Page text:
Traditionally, various vessels were intended for different beverages. Kovshi, which come in a range of sizes, were intended for drinking kvass or beer. They were also used for drinking mead, a honey based drink that varied in flavor from using different fruits and berries.
Silver kovshi were used for white mead, while golden kovshi were used for red mead. They were originally made of wood and some early kovshi were made of tightly woven cloth. In the 16th century, they began to be made in silver and increasingly assumed a ceremonial status. The kovshi in our collection are nineteenth and early twentieth century pieces of the Old Russian style, seen in the multicolored enameling inspired by sixteenth and seventeenth-century patterns. A yearning for a Russian art unmarred by Western influence contributed to what became the Russian Revival in the 1870s and 1880s.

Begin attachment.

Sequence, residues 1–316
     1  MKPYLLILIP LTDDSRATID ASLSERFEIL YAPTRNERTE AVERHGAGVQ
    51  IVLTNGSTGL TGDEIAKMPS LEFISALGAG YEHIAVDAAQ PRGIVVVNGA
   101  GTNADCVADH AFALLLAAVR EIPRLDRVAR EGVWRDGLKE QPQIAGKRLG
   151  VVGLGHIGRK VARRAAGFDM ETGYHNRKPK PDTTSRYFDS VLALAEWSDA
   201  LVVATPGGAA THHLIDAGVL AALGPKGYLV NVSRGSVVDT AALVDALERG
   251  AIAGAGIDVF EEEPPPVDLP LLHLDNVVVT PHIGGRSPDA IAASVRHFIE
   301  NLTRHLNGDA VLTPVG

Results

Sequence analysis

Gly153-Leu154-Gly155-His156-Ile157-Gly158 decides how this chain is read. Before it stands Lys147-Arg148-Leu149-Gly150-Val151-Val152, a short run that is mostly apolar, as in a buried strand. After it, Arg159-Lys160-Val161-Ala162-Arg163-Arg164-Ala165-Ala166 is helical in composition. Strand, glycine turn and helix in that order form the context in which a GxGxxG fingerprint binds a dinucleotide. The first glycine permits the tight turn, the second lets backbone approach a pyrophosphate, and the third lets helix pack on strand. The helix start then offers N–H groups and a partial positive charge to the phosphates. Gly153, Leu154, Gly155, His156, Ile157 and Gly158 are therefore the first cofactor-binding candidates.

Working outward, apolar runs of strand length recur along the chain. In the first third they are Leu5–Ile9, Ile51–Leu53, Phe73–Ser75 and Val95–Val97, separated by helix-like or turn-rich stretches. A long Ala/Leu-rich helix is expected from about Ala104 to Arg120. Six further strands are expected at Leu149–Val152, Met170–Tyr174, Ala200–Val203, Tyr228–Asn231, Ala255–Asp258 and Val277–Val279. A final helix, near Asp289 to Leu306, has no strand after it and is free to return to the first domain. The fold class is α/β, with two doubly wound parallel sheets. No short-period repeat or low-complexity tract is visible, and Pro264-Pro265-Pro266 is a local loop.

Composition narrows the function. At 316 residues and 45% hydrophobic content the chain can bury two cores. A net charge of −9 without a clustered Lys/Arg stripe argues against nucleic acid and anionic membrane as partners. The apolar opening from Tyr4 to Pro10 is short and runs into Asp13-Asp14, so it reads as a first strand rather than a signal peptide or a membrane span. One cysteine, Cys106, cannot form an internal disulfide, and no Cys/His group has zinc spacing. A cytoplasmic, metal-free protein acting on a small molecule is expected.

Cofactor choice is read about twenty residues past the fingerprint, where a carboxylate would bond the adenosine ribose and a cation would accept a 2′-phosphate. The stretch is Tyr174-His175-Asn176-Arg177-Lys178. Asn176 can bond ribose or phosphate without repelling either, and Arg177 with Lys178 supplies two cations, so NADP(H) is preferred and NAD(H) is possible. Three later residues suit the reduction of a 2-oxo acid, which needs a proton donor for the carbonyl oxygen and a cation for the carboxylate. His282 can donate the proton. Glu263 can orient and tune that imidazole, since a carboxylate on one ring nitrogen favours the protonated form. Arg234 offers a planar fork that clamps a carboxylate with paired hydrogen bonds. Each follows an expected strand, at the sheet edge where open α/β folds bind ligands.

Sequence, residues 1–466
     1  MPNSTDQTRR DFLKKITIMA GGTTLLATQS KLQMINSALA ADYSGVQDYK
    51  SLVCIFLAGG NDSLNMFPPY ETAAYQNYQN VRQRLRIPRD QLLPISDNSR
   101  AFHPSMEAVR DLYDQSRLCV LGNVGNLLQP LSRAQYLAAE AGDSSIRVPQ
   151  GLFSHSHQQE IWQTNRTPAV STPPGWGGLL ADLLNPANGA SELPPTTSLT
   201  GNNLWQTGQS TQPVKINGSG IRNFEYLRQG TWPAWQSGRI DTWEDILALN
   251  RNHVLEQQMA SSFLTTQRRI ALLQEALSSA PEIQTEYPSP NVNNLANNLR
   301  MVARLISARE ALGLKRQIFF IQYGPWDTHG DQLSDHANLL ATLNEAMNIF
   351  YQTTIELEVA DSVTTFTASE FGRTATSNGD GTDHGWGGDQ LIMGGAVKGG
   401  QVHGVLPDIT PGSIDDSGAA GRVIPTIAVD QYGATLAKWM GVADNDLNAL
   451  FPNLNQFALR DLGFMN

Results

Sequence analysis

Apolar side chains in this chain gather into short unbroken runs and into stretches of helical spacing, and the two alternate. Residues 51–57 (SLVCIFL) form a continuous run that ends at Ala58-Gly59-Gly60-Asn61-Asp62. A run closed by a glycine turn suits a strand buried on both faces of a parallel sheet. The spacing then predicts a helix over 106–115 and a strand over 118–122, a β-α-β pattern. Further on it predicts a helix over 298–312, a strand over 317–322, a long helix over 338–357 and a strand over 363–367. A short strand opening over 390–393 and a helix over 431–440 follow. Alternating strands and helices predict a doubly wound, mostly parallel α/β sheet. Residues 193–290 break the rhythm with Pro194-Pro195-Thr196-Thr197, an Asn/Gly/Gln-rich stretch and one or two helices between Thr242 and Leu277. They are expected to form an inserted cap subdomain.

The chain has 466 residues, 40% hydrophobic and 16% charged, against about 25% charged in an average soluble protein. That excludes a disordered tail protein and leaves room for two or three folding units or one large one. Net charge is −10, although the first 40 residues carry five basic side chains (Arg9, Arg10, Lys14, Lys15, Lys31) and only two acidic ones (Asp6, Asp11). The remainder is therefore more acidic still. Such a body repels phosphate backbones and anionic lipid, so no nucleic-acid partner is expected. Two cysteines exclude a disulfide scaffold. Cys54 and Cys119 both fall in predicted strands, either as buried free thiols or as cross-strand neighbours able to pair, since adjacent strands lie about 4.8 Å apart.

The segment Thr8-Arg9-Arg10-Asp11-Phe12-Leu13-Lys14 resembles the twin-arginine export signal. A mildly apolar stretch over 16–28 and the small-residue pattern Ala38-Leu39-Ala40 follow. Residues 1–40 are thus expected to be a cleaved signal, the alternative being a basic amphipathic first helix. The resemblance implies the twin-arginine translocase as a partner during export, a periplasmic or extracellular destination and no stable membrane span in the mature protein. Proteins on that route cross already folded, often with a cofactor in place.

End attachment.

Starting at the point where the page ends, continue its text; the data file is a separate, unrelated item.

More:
Interest in exploring early Russian artistic traditions provided craftsmen with a rich body of sources for creating beautiful, distinctly Russian works of art. Cloisonné enameling is but one example; another is trompe loeil, discussed in this blog post. While many such pieces were ornamental, a few could function as punch bowls or salts depending on their size. The item "Antique Imperial Russian Silver Inlay Kovsh Vessel Bowl Ladle Spoon TALASHKINO" is in sale since Wednesday, April 22, 2020.
This item is in the category "Antiques\Silver\Non-U. The seller is "galleryoff5th" and is located in New York, New York. This item can be shipped worldwide.